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Monitor your heart rate

Medical tests are not a necessity before you start an exercise regime. Rather, they are required only when something is wrong, writes Heath Matthews.

health and fitness Updated: Nov 14, 2009 15:21 IST
Heath Matthews

I have become an avid reader of Rush on Saturdays. I have a question: I am 45 years old and would like to know what medical tests are required before I start jogging/running, rope jumping, and cardio-related exercises. Thank you.
Susanta Chakraborty

Medical tests are not a necessity before you start an exercise regime. Rather, they are required only when something is wrong. Having said that, one test worth doing before you begin is an exercise stress test to see what shape your heart is in. Often, I suggest to my clients who are starting out to use a heart rate monitor. This little device monitors how much strain your heart is under during your training session.

In the initial stages (say the first six weeks of training) I would suggest not letting your heart rate go above the upper limit for your age. One simple way to calculate that would be to subtract your age from 220. So in your case, your upper limit would be 220 - 45, which is 175. Your heart rate will be displayed on the watch/monitor as you run and if it goes above 175, it will beep to tell you to take it easy. I hope this helps. The trick is to start cautiously and then increase your effort gradually and consistently as your fitness improves.

I read your column titled Sprain in the Wrist (dated November 7, 2009). I have been facing this problem for the past six months. While playing cricket, I dislocated the bone leading up to the small finger. My doctor asked me to apply ice initially, and an X-ray showed that there was no fracture.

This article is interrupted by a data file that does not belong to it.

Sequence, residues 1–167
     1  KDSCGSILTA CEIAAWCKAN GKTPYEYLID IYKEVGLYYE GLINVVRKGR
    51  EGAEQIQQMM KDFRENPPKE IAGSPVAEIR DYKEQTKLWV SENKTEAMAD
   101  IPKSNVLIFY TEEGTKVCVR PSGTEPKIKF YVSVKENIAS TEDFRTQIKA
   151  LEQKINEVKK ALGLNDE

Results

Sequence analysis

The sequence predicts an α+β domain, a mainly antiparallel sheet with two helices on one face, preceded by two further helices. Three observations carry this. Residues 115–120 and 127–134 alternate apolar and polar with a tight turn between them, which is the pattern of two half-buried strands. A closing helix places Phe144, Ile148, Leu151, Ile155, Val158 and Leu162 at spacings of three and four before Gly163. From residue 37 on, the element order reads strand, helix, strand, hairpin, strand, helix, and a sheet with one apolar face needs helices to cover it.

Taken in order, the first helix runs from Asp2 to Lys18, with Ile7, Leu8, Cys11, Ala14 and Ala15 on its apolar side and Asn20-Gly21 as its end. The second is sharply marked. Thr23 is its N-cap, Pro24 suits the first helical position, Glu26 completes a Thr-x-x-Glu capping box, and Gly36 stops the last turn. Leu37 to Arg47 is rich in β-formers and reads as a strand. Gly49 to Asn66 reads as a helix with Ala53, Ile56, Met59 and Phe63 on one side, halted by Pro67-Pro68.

He gave me pain medication for two weeks but the pain remained. I sat for my exams despite the fact that I couldn’t even hold the pen! I applied ice regularly and after 3-4 months, the pain vanished.

Two days ago, however, I happened to hit my finger on the iron rod inside a train compartment, and the pain resurfaced. I want to strengthen my hand and wrist, as mentioned in your column, but because of the injury, I am unable to do so. How can I get rid of the pain? Please help!
Kaustubh Pawar

The recent pain is probably because of a bone bruise. It sounds like your finger was dislocated for a few days. This would have undoubtedly caused pressure on the ends of the bones that make up the joint that was dislocated.

Resume your icing programme thrice daily. Buddy strap it to the finger next to it. Any doctor will show you how to do that. When your pain is gone, start squeezing a squash ball to increase your grip strength. This helps to strengthen all the muscles of your hands and returns proper tone in the muscles. This will make your hand more resilient to little knocks and bumps.

The queries were answered by Heath Matthews, physiotherapist, Mittal Champions Trust.

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